Study shows increase in metastatic prostate cancers after drop in PSA testing rates
MEDIA RELEASE | 20 July 2016
A new study shows the number of men presenting with metastatic prostate cancer has increased dramatically in the United States following a decline in PSA testing that coincided with the high profile US Preventative Services Task Force (USPSTF) recommendations against PSA testing for the disease.
There has been a similar drop in testing in Australia following the recommendations that received widespread publicity worldwide.
“While there have not yet been any local studies showing the longer term consequences of a decline in PSA testing in Australian men, we are concerned there are men who may have benefited from testing who either were not offered or did not seek PSA testing as a consequence of confusion about the recommendations both overseas and in Australia,” said President of the Urological Society of Australia and New Zealand, Professor Mark Frydenberg.
The study, Increasing incidence of metastatic prostate cancer in the United States (2004 – 2013), published today in Prostate Cancer and Prostatic Diseases sought to analyse the relationship between relaxed screening in the US population and increases in yearly incidence of metastatic prostatic cancer.
The study followed data from more than 1000 US facilities. Of 767,550 men with prostate cancer there was a decline in the incidence of low-risk disease, while the incidence of metastatic prostate cancer rose between 2004 and 2013 by 72%, with the largest increase (92%) seen in men aged 55 – 69 years who are typically thought to benefit most from PSA testing and early definitive treatment.
The study noted, however, the findings could not be explained solely as a consequence of the USPSTF recommendations, as increases in the metastatic prostate cancer began in the years prior to its release (2008 and 2011).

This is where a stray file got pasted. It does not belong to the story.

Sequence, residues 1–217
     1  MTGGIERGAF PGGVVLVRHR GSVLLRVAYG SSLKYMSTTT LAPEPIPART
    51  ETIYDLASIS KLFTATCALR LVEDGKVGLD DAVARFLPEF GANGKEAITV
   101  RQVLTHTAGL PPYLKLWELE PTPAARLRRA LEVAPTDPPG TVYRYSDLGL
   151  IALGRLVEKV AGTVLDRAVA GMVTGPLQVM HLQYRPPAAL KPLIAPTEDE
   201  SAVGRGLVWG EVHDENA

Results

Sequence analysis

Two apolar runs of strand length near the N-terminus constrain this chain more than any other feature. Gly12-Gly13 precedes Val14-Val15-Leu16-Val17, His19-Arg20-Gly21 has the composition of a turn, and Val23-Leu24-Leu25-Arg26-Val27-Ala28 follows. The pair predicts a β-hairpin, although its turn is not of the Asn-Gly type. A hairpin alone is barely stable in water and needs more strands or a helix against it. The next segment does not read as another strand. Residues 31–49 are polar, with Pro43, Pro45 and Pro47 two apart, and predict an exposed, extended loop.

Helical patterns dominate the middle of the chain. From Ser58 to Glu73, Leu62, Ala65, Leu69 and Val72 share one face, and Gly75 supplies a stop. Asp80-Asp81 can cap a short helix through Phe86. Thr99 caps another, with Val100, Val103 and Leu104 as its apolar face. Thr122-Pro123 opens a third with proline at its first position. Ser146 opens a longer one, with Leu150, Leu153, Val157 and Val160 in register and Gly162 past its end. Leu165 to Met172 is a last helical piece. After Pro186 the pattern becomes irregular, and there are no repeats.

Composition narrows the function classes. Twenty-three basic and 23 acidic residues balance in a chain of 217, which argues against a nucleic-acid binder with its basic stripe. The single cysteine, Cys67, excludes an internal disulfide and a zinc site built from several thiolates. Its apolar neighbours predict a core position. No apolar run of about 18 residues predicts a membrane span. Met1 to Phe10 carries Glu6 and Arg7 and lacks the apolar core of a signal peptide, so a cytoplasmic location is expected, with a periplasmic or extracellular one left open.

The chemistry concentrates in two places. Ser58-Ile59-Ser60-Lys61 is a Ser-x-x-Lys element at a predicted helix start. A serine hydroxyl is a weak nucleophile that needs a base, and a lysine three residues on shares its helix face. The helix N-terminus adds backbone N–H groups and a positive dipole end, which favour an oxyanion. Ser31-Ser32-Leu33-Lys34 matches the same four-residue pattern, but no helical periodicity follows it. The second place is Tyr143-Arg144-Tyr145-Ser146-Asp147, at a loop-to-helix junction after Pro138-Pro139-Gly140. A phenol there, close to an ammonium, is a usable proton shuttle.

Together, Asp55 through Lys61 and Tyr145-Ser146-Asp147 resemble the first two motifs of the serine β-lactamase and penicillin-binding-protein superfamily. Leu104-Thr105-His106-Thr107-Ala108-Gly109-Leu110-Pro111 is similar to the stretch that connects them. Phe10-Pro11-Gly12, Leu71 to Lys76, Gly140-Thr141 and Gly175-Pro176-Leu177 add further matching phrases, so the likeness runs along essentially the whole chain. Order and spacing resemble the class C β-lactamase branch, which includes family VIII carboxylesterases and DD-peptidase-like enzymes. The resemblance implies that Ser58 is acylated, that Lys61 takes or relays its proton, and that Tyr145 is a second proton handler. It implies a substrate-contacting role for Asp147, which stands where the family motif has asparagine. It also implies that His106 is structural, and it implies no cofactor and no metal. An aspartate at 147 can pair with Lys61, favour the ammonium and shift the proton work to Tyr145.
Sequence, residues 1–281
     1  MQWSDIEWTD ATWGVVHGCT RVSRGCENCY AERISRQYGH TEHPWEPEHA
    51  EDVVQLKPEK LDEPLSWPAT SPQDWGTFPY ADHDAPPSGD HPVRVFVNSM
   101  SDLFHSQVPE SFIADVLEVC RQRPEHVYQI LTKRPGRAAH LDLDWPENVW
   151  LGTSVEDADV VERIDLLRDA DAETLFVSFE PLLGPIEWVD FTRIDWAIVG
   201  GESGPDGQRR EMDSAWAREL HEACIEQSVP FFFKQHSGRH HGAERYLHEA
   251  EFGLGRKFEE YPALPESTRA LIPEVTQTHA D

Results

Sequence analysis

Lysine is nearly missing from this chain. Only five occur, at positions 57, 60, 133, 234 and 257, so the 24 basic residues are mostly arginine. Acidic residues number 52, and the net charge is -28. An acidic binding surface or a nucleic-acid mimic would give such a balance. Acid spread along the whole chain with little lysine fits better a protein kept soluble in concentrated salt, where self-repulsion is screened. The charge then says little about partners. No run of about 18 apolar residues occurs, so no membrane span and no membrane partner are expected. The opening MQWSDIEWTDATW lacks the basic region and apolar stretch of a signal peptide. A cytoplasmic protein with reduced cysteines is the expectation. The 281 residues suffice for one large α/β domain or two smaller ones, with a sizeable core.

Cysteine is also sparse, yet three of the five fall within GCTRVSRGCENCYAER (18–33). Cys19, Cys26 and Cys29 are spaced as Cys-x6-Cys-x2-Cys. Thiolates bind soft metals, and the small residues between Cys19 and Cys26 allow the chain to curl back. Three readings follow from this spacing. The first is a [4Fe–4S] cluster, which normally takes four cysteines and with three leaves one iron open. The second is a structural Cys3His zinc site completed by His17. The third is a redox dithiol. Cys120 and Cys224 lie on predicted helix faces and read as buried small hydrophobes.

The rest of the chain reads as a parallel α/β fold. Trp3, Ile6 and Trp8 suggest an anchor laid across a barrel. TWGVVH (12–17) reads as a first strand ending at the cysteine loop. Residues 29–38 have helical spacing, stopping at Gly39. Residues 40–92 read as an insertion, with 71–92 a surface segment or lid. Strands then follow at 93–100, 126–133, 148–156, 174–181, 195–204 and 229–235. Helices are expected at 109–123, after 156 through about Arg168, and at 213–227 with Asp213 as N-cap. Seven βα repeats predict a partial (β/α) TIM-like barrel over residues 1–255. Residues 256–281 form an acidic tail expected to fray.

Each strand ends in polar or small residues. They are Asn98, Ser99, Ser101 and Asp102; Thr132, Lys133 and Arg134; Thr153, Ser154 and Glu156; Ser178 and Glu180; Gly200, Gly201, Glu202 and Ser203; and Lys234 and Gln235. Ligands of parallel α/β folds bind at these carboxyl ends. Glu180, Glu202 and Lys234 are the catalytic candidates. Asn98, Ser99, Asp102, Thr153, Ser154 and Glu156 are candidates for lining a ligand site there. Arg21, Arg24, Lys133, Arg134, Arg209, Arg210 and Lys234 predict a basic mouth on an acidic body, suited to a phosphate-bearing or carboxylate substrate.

Professor Frydenberg believes new, world-first consensus guidelines on PSA testing in Australia this year will end uncertainty over the best approach to testing for prostate cancer which is the second most common cause of cancer-related death among men in Australia.
“We believe that while imperfect, the PSA blood test has a very important role to play in preventing prostate cancer deaths,” says Professor Frydenberg.
While the USPSTF recommended no PSA testing for men, the new Australian guidelines support testing after information is provided to men about the risks and benefits. “The aim of the new guidelines is to ensure the PSA is used strategically to ensure men who are unlikely to benefit aren’t unnecessarily tested or treated while ensuring those men who are at risk of life-threatening disease aren’t missed.
The Guidelines were developed by an expert advisory panel that included GPs, epidemiologists, urologists, oncologists, consumers, psychologists, pathologists and public health experts.
“These guidelines should help Australian men feel confident they are receiving consistent advice and clinical care based on the most contemporary, peer-reviewed evidence.
“This is about testing the right men at the right time, and ensuring those men who are diagnosed with prostate cancer are given appropriate treatment according to their individual risk profile. The guidelines also help ensure men avoid over-treatment, and subsequent side effects,” says Professor Frydenberg.
The guidelines, Clinical practice guidelines for PSA testing and early management of test-detected prostate cancer, were facilitated by Cancer Council Australia and the Prostate Cancer Foundation of Australia and have been endorsed by the NHMRC.
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